nd predestined vesture of his essential blandness and suavity of temper. His stylistic drapery, however, is never so smoothed and adjusted as to obscure the sinewy vigour of his thought. His manner is steadily in the service of his matter. He is adequate, not copious; for his moral frugality and industry prompt him to eschew surplusage and to make his texture firm. His regard for purity of diction is classical; he avoids vulgarity; he despises the jargon of scientific pedants; but like Montaigne he loves frank and masculine speech, and he likes to enrich the language of the well bred by discreet drafts upon the burry, homely, sententious, proverbial language of the people. Like Lord Bacon and like many other grave men among his fellow-countrymen, he found it difficult to avoid an opportunity for a jest even when the occasion was unpropitious; and he never sat below the Attic salt. When his fortune was made, he put by the pewter spoon and bowl of his apprenticeship; his biograph
Cambridge History of American Literature: volume 1, Colonial and Revolutionary Literature: Early National Literature: Part I (ed. Trent, William Peterfield, 1862-1939., Erskine, John, 1879-1951., Sherman, Stuart Pratt, 1881-1926., Van Doren, Carl, 1885-1950.), Chapter 1: travellers and observers, 1763-1846 (search)
with the ideal of an eloquent stoic, artless, magnanimous by nature, we find-often in the same book of travels — the cruel savage as he is, vengeful and impure. Montaigne, indeed, a predecessor of Rousseau in admiring the unlettered aborigines, had held that the European surpassed the savage in barbarity; yet when he turns from the ideal to the actual, there is but a step between Montaigne and Hobbes, who declares the life of nature to be nasty, solitary, brutish, and short. And Hobbes merely anticipates Voltaire and Pauw, whose unedifying pictures of American natives were put together from the accounts of travellers. We have, then, in the literature of because it contains, in distinct types, both the idealized and the unidealized Indian that we have seen in the travellers. Chingachgook is a true descendant of Montaigne's high-minded savage, and belongs to the family of Rousseau's natural man; whereas the base Mingoes are more like real aborigines. The prairie, with its large e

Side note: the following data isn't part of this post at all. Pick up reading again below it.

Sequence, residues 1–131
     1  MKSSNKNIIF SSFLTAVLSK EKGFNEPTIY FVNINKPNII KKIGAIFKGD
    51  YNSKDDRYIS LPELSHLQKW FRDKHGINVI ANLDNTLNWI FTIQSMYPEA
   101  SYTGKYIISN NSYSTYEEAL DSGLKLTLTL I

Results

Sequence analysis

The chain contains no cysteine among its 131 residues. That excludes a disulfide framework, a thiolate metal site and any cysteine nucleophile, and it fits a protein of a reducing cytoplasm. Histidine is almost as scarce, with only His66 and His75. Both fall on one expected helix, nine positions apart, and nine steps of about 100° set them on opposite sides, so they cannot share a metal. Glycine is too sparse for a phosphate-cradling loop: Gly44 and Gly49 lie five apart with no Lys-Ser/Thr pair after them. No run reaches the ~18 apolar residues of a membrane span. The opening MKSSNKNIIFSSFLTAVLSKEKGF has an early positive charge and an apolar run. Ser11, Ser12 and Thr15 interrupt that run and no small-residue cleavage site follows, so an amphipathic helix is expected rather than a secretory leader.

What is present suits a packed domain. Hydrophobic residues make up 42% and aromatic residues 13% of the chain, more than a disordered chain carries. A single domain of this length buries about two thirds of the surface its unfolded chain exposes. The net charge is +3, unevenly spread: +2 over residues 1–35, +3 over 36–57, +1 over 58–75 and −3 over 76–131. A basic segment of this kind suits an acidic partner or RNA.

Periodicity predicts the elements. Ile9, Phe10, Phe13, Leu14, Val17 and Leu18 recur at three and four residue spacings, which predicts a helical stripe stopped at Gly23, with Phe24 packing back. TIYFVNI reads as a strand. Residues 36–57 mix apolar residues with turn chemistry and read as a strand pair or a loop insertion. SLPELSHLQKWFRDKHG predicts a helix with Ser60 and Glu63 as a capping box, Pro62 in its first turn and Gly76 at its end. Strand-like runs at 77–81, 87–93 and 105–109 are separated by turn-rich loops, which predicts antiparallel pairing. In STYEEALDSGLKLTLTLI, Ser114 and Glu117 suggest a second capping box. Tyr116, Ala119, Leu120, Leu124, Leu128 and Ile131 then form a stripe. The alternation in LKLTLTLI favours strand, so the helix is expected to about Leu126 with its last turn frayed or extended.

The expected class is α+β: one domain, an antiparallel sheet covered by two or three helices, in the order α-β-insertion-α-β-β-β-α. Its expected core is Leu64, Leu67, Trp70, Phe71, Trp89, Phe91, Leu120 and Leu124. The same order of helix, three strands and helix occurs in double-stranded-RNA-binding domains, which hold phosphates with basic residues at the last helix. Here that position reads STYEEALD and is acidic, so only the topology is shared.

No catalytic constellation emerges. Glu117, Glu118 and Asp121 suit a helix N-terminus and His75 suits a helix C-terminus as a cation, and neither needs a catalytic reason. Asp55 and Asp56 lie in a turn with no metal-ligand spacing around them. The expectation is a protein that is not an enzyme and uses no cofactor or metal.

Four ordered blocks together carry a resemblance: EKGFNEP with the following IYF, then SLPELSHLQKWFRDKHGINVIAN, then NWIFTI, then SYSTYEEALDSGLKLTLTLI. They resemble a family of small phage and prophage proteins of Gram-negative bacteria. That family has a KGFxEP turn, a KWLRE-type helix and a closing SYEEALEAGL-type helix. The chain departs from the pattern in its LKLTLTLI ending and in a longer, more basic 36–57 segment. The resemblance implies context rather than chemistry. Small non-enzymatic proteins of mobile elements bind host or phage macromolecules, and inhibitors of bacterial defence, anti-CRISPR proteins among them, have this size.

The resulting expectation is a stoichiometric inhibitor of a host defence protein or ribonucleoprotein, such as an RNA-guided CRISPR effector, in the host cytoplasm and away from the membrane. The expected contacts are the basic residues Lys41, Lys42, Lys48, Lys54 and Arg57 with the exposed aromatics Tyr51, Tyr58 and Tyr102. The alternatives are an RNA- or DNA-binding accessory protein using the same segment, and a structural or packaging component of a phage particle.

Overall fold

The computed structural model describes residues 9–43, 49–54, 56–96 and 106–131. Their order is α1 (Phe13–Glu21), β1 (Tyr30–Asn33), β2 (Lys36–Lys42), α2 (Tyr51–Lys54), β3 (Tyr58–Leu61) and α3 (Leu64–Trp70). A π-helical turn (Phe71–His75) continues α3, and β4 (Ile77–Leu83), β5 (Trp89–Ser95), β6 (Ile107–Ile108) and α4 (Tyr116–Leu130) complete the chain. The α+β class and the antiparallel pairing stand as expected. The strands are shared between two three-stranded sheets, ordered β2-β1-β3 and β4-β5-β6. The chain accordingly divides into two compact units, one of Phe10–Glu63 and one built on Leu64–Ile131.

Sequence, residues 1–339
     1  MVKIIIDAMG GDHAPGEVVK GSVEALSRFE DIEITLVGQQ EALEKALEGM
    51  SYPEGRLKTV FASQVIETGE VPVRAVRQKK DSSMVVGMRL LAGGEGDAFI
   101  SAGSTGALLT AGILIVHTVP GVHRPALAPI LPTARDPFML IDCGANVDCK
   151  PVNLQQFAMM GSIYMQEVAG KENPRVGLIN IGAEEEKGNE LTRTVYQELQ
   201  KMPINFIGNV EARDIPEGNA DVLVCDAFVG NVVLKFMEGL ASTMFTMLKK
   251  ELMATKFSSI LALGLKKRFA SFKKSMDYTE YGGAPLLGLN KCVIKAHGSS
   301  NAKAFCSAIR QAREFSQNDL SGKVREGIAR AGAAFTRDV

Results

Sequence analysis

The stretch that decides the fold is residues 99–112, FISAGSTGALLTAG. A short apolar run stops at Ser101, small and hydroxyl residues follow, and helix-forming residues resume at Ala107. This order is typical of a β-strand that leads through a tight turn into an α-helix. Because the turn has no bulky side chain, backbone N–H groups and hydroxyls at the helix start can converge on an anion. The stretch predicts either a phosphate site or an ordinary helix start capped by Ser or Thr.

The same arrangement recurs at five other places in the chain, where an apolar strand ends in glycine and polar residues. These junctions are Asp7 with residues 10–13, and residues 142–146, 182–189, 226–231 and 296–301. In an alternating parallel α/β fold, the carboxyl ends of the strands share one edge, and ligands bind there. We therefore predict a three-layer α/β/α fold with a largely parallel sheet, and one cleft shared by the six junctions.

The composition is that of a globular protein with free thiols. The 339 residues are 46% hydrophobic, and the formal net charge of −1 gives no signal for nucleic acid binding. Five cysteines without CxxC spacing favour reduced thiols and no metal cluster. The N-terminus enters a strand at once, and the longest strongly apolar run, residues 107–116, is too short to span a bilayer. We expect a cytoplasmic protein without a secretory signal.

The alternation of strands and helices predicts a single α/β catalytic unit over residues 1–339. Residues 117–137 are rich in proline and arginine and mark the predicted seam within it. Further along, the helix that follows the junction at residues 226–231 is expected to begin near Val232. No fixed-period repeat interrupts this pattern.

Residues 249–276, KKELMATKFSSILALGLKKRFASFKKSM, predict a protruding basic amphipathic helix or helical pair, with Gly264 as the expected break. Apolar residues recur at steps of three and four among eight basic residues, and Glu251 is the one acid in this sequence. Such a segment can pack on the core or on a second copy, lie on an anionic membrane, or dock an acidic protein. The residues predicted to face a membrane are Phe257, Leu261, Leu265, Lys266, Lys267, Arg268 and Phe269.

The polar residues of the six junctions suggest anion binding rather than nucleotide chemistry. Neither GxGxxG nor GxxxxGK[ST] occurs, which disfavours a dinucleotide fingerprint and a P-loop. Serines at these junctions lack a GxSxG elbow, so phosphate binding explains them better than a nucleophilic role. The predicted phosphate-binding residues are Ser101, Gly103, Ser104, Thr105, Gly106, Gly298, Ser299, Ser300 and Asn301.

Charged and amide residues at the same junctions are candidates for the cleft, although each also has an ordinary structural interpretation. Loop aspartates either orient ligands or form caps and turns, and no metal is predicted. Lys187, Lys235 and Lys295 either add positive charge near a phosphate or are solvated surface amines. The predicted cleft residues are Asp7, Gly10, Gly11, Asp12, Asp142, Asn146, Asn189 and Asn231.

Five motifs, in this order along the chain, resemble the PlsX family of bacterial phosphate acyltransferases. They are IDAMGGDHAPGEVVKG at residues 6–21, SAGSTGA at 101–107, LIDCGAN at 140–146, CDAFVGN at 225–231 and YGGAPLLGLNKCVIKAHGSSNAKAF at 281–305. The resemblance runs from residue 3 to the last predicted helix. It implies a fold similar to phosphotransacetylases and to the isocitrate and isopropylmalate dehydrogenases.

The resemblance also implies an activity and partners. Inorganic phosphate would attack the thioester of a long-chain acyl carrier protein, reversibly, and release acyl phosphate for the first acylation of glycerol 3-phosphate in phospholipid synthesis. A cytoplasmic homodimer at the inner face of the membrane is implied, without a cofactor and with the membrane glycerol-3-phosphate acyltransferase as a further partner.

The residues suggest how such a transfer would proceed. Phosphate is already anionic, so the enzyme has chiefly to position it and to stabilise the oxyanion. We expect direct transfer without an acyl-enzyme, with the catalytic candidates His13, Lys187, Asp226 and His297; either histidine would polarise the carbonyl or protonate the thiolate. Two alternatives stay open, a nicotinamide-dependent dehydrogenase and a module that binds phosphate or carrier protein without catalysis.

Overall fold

Cambridge History of American Literature: volume 1, Colonial and Revolutionary Literature: Early National Literature: Part I (ed. Trent, William Peterfield, 1862-1939., Erskine, John, 1879-1951., Sherman, Stuart Pratt, 1881-1926., Van Doren, Carl, 1885-1950.), Index. (search)
0 Errata, 309 Espion turc, la, 233 Essay concerning human understanding, 93, 334 Essay on the freedom of will in God and the creature, 70 n. Essay upon projects, 93 Essay upon the Microscope, 161 Essays (Emerson), 352 Essays (Montaigne), 12 Essays Biographical and critical (Tuckerman), 244 Essays on the Constitution, 148 n. Essays to do good, 93 Eulogium on Major-General Joseph Warren, 168 Eutaw, 315, 316 Eutaw springs, 183 Evangeline, 212 Evans, Nathanie, 322, 322 n. Modern Chivalry, 286-287 Modest inquiry into the nature and necessity of paper Currency, 95 Mohammed, 224 Moll Pitcher, 224 n. Moore, Thomas, 236, 243, 248, 255, 279, 281 Monikins, the, 302 Monitor, the, 117, 120 Montaigne, 12, 109, 187, 188, 208 Monterey, 280 Montesquieu, 119 Monthly magazine, the, 291 Monument of Phaon, the, 181 Monumental memorial of a late voyage, etc., A, 9 Morals of Chess, the, 101 More, Henry, 70 n. Morris, Colonel